Listen To A Story Of An Angel Here On Earth
Pop Culture Detours – By George McGowan
Dolly Parton. When you hear her name, what comes to mind? A grand beehive hairdo defying gravity, a voice ten times bigger than her tiny frame, her wonderful lyrics, or her sassy performances in movies like “9 to 5?” If you listen to the new podcast “Dolly Parton’s America” hosted by Jad Abumrad (creator of the fantastic podcast “Radiolab”), you might just think that Dolly is all of the great things about America personified.
The nine-part series, of which I have only listened to two as of this writing, is simply outstanding. The accompanying website for the podcast summarizes the audio-series as follows: “In this intensely divided moment, one of the few things everyone still seems to agree on is Dolly Parton—but why? That simple question leads to a deeply personal, historical, and musical rethinking of one of America’s great icons.” If the first two episodes are any indication of the quality of both the podcast itself and Dolly Parton herself, fans and non-fans alike will marvel at this great person’s inspiring life and legacy. I can’t wait to listen to the entire series and I hope you take the time to listen, as well. We can all learn something from the way this wonderful lady lives her life.
Not to spoil it for you, but I must tell you one thing I learned about Dolly from the second episode, which details the period in her career where she was a “pretty little thing” singing alongside Nashville legend Porter Waggoner. Waggoner heard Dolly’s first hit song “Dumb Blonde” and immediately asked her to join his already successful television show, where her duets with Waggoner became immediate hits. After several years, Dolly eclipsed Waggoner as the biggest star on the show and left to start her own career. Waggoner sued Dolly for breaking their contract and instead of fighting the suit in court, Dolly paid a large settlement to Waggoner to recognize him for taking a chance on her. Beyond all of that, she wrote “I Will Always Love You” in 1974 as a farewell to Waggoner and agreed to let him produce her recording of the song. It went on to become the only song to reach #1 on three separate occasions: twice by Dolly herself in 1974 and 1985 (where it was featured on the soundtrack to the film “Best Little Whorehouse in Texas”) and, most famously, by Whitney Houston in 1992, when it stayed at number one for fourteen weeks and shot the movie soundtrack for “The Bodyguard” to record breaking sales of over 45 million copies!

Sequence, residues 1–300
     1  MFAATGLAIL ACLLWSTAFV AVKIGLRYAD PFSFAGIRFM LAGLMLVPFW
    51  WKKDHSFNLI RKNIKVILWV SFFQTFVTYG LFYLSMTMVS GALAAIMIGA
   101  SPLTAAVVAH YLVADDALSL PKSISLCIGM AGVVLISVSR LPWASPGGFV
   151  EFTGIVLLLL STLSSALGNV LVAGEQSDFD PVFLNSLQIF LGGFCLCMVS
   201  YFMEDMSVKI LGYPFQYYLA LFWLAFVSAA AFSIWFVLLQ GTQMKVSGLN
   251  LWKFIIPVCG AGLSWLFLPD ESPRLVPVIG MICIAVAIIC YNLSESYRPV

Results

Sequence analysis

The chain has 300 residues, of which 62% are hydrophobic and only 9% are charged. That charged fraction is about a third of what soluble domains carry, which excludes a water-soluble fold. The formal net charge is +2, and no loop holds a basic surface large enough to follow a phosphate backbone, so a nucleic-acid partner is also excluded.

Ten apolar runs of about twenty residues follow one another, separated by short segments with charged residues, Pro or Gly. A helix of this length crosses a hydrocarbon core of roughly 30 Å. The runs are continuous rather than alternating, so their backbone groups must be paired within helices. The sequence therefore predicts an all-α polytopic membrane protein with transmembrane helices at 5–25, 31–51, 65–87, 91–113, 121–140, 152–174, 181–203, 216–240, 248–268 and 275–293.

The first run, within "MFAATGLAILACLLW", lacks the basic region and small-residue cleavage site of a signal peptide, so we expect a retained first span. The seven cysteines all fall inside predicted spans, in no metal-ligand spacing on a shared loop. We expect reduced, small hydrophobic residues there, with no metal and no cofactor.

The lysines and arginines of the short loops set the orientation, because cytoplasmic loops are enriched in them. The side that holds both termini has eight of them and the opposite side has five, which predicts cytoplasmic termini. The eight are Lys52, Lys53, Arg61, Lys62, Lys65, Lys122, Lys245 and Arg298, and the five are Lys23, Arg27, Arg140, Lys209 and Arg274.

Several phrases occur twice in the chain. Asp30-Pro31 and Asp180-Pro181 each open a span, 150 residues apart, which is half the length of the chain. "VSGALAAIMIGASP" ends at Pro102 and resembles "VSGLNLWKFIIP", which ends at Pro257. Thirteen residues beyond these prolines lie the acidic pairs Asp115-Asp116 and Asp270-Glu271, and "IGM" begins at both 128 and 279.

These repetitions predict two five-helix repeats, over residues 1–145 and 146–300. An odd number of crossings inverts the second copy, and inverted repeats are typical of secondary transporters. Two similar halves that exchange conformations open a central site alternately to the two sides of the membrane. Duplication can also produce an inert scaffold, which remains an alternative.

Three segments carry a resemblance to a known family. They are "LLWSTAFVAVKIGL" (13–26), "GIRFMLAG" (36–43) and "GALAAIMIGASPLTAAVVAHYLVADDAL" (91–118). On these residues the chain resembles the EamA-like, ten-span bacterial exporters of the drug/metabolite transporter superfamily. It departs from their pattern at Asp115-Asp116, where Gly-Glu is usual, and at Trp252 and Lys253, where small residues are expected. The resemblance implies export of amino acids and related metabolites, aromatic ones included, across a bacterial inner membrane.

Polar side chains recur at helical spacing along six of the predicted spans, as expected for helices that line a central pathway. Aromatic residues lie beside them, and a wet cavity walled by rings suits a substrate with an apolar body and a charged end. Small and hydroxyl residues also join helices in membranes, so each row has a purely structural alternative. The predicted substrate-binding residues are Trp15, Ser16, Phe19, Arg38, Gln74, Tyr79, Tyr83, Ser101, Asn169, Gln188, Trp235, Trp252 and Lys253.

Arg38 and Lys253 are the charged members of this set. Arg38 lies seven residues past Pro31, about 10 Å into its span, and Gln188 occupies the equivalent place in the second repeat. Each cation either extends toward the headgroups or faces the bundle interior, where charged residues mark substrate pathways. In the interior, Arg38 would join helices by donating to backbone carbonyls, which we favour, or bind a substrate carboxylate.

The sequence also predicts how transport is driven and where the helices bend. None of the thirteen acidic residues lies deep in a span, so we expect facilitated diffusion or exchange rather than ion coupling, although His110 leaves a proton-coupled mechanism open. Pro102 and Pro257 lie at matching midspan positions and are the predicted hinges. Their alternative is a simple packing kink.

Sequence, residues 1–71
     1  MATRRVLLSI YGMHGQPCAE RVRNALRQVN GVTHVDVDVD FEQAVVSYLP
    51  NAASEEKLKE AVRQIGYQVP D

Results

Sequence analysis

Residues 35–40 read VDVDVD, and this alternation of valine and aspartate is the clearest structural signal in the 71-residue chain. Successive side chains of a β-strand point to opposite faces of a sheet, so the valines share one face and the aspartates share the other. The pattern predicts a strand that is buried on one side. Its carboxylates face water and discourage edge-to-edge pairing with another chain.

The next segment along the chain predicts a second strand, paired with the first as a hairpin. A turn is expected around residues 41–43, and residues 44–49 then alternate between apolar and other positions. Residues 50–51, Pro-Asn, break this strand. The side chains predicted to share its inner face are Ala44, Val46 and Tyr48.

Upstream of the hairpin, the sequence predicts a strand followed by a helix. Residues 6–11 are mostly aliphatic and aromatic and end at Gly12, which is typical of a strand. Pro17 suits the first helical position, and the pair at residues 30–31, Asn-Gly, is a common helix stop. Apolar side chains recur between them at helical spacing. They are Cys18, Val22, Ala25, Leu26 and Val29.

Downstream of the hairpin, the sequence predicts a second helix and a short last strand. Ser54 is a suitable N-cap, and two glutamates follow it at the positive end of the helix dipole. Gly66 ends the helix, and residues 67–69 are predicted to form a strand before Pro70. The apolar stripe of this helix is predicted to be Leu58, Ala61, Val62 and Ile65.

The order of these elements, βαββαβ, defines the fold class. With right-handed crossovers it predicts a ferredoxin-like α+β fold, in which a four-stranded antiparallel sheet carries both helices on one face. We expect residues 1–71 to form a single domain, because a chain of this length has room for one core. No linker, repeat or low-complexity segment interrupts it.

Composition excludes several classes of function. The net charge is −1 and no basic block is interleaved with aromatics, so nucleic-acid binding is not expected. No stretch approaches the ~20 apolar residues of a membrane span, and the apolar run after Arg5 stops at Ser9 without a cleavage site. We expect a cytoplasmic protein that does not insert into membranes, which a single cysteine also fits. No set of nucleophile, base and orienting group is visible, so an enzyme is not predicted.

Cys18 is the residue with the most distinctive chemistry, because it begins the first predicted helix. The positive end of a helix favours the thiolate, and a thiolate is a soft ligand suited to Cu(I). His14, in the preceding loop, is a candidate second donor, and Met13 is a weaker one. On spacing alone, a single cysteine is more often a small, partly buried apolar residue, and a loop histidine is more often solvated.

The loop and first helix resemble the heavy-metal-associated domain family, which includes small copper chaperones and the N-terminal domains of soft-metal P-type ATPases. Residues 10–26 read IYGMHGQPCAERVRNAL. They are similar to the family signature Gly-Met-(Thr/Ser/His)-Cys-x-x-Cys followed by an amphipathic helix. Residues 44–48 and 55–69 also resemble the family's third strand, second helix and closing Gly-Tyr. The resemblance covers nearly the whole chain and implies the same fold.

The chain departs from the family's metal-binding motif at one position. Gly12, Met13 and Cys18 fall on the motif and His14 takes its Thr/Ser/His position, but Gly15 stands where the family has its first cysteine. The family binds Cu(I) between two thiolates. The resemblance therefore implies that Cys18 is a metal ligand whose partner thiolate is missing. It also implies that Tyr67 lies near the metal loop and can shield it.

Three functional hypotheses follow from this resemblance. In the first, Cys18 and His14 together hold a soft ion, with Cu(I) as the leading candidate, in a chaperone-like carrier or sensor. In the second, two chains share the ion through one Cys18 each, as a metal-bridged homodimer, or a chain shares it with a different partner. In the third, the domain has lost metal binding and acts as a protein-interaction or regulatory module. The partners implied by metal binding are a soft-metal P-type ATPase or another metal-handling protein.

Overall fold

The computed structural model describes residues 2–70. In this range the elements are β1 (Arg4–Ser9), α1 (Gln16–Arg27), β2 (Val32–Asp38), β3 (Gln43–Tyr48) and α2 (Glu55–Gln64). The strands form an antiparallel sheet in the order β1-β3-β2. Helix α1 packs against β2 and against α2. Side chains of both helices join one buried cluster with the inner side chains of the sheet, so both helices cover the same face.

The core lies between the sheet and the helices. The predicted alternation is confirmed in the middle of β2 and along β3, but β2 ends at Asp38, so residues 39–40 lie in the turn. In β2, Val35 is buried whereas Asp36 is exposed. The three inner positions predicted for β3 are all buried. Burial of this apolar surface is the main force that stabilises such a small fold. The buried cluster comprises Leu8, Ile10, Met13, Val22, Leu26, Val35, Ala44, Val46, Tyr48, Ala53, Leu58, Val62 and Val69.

Whenever I see or hear Dolly Parton, I can’t contain my smile. What person famous or not-so-famous causes you to smile? These are the treasures in our lives, and some would call them angels here on earth. I think you will smile and wonder at the stories told about Dolly Parton’s life on the new podcast “Dolly Parton’s America” and I recommend it to you with my highest endorsement.by